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Elections: debate Tsipras vs Meimarakis – Much Ado about Nothing

I have been trying since early morning to write a blog post about the debate between Greece’s two top political leaders, former Prime Minister Alexis Tsipras from left-wing SYRIZA  and Vangelis Meimarakis from conservative New Democracy. My efforts run in vain. It has been impossible. For the simple reason that neither Tsipras nor Meimarakis said or revealed something about their future plans if they win the elections. Not a single revelation about a plan to combat unemployment, the number one issue that troubles more than a million jobless Greeks or parents with jobless children.


The debate that took place on Monday night and was transmitted lived by all private television networks. The two leaders stood Question & Answer to seven journalists. Kind of boring, kind of  bland with no salt and pepper and wit. Only exception when one leader was allowed to directly comment and intervene to the statement of the other. But these highlights were very rare in the 3-hour long session.

What I remember from the debate are two things:

  1. that Tsipras said he will not form a coalition government with New Democracy because a) such a coalition is “unnatural” as the two parties stand diametrically opposite and he wants a government of “progressive powers” and b) because if they cooperate the Golden Down will be raised into the main opposition party within the Parliament.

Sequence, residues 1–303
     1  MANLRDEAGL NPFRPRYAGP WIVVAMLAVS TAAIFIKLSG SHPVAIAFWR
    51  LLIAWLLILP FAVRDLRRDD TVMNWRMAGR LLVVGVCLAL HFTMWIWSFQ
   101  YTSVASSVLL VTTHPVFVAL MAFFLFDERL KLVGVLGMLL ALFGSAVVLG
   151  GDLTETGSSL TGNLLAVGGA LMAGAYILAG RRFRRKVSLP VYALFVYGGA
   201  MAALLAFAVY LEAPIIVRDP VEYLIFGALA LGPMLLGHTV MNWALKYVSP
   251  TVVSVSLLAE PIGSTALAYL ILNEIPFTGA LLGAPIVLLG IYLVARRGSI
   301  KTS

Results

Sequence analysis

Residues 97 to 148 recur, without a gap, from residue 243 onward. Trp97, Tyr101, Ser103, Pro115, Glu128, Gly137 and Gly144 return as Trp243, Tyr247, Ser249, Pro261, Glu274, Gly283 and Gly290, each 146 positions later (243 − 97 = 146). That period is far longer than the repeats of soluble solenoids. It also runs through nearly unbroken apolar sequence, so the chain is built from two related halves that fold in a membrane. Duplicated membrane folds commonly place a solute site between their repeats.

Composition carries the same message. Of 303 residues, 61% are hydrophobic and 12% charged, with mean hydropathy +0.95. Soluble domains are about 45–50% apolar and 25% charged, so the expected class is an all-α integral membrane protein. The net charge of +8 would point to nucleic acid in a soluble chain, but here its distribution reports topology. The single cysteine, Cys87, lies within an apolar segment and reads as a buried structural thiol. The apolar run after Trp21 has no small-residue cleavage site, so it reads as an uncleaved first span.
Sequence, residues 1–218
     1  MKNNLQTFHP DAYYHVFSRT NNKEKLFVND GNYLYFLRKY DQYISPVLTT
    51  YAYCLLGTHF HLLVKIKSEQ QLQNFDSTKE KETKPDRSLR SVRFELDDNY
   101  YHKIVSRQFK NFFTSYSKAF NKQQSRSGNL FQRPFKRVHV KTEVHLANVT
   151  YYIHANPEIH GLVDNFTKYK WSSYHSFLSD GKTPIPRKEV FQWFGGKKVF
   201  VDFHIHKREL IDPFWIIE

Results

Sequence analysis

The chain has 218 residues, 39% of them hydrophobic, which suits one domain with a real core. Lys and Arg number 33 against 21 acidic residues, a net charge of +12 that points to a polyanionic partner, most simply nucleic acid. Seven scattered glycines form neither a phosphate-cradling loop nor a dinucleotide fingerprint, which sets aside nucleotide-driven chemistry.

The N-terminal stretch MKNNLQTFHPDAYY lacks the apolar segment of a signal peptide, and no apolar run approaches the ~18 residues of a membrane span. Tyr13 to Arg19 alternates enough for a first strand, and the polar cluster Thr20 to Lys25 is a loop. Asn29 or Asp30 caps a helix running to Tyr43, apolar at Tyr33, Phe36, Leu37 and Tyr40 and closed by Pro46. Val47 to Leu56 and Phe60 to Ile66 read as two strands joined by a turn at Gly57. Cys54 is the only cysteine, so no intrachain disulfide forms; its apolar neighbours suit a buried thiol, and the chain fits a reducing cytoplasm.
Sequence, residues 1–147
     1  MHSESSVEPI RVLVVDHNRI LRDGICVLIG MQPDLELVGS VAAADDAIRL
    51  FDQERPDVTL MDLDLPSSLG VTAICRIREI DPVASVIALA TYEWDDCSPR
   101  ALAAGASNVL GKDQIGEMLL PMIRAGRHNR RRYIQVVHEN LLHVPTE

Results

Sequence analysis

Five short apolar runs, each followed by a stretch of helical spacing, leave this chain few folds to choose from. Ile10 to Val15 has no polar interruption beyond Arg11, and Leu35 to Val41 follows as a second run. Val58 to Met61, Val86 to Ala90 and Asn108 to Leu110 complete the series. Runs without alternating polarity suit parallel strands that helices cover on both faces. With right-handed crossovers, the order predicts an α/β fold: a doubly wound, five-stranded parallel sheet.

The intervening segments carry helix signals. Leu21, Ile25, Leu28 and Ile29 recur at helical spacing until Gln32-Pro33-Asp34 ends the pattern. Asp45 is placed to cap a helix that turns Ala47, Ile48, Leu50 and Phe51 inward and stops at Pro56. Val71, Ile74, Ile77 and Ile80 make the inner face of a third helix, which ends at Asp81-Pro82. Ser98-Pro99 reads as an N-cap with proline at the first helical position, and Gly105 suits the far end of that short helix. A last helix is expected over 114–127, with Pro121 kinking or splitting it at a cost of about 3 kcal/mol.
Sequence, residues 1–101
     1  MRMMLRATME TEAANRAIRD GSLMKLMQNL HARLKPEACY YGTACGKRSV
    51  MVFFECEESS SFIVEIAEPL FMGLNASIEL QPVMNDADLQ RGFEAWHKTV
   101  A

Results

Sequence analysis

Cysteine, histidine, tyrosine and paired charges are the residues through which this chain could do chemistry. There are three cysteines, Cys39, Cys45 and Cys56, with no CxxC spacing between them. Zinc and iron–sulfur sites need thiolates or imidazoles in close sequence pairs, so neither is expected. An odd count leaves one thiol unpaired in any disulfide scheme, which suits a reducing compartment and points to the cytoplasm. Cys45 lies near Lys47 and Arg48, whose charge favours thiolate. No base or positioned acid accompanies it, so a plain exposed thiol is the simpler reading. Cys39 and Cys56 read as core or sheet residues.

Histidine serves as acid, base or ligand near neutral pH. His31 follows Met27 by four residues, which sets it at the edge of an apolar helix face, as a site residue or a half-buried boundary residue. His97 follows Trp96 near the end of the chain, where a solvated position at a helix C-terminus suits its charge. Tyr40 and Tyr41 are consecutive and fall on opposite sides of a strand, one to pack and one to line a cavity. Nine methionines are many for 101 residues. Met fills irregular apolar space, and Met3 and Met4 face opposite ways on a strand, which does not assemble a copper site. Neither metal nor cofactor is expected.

2. that Meimarakis followed the old ND tactics to remind the audience what Tsipras did wrong in the 7 months he was in power.

Politically the debate did not bring much except maybe for the communication teams of Syriza and New Democracy. Some Greeks wondered what was the purpose to have it take place. A plausible explanation was that left-wing Tsipras and conservative Meimarakis wanted to persuade for their own favor the class of “undecided voters” who have not decided yet, less than a week before the elections.

I don’t know if they achieved their goal.

It was a debate without clear winners and losers. Evaluating the whole ‘duel’ one could summarize:

Tsipras did not win, it was Meimarakis who lost.

Apart from the debate, the campaigning and the hours the candidates spend on the media, the majority of voters have more or less taken their decision. And they bring SYRIZA and ND neck and neck in public opinion polls. +/- at 25%. Far-right Golden Dawn seems to have secured the 3. position.

After three 3 bailout agreements, 3 parliamentary elections and one Referendum, Greek voters are very cautious about what politicians promise them. Their vote next Sunday may have a motive of ideology or punishment but certainly not of reward.

Greek voters know very well that with or without elections, with or without a red or a blue Prime Minister, they are doomed.

PS I hope, Tsipras does not mean “progressive powers” a coalition with to Potami and PASOK… lol

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